We Need A Royal Commission Into Violence And Abuse Of People With Disability

By Jenny Macklin and Carol Brown

He received second-degree burns when he was dragged along the carpet by two staff members at his group home because he refused to go to his day placement activity. Mark’s family discovered the burns a few days later, but ,were never informed of the incident by the home.

Sadly, this account of abuse isn’t an isolated incident.

A 22-year-old woman, with the mental age equivalent of a five-month-old baby, received a serious injury consistent with a brutal blow to the head. A medical examination revealed that she had been raped by a staff member at the facility where she lived and was pregnant as a result. This young woman was one of 122 people, living at a centre, who had been victims of violence and abuse.

A woman smiles after receiving a mobility tricycle in Secunderabad, India. Photograph: Noah Seelam/AFP/Getty
Photograph: Noah Seelam/AFP/Getty

This is why we need a Royal Commission into violence and abuse of people with disability. These harrowing accounts of abuse are sickening and unacceptable. The voices of people with disability, who have been abused, must be heard and justice must be delivered. We simply can’t let this abuse be swept under the carpet.

 This is not the fault of a single person, organisation or government. These failings reflect on all of us.

Labor will establish a Royal Commission into violence and abuse of people with disability. We will consult widely with the disability community about the terms of reference.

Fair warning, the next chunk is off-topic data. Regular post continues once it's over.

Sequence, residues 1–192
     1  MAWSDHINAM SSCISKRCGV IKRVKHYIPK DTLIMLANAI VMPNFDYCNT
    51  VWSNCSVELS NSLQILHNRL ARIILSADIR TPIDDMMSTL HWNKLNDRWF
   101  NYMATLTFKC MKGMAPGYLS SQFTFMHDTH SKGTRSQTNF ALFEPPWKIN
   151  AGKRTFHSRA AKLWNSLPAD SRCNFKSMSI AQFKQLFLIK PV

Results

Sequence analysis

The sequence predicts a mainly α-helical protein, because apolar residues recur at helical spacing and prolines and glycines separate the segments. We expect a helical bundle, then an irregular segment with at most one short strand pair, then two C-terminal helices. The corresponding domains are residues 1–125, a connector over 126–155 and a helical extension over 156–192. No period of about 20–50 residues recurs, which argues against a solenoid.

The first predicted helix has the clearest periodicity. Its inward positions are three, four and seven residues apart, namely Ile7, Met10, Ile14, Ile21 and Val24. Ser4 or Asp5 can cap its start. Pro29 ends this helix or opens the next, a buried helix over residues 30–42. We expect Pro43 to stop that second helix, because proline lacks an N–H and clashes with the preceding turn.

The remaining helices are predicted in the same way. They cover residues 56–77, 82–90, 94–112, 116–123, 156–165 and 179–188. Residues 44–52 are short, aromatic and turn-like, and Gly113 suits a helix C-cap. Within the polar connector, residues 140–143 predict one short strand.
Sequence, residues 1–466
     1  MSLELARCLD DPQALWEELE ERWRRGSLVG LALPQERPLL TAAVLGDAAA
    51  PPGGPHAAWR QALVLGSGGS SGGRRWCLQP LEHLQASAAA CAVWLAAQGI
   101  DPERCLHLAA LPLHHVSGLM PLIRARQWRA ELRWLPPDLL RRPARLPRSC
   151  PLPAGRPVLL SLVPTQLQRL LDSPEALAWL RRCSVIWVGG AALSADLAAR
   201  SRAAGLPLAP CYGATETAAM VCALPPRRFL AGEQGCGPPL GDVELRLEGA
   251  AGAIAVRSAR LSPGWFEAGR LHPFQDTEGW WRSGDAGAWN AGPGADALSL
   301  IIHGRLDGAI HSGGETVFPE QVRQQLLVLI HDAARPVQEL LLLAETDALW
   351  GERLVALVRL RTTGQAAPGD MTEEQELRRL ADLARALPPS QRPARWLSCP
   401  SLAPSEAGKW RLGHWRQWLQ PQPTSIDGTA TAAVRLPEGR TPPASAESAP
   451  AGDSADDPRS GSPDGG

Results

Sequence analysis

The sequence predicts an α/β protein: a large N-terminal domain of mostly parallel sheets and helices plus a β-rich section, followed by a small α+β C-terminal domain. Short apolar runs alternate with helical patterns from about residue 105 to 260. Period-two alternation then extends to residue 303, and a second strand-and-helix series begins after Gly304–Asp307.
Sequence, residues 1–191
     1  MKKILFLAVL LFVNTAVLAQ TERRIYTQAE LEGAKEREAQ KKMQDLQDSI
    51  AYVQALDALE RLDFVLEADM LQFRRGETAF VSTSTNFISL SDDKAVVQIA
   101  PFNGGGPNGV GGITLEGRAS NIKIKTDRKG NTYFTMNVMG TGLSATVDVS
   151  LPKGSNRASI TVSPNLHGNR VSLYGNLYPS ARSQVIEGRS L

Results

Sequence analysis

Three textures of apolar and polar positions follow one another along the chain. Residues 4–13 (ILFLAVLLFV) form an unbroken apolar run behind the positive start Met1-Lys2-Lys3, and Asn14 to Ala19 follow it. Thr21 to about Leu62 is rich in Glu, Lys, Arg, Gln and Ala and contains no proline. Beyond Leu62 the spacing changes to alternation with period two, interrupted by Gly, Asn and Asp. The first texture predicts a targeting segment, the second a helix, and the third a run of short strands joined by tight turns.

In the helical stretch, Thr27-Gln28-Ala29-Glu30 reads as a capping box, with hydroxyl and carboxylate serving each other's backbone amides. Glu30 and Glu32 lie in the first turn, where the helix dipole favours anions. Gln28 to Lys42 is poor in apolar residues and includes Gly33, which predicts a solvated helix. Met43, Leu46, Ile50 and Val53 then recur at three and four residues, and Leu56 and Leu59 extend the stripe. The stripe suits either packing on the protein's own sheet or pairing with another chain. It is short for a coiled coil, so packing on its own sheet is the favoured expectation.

The scale and severity of abuse against people with disability in institutional care was outlined by an ABC TV Four Corners program in 2014. It became the catalyst for a Senate inquiry in 2015 which made 30 recommendations including the establishment of a Royal Commission.

It took the Turnbull Government 16 months to respond. The Government rejected a Royal Commission and accepted only one of the inquiry’s 30 recommendations.

In March this year Four Corners again revealed further cases of sexual and physical abuse inflicted on people with disability and that perpetrators have not been prosecuted, and worse, may still be working in the disability sector.

According to the Department of Social Services’ own National Abuse and Neglect Hotline a total of 891 cases were sighted between July 2012 and December 2014 with systemic abuse (23 percent), physical abuse (16 percent), psychological abuse (16 percent) and neglect (15 percent) being the highest of reported incidents.

Source: huffingtonpost.com

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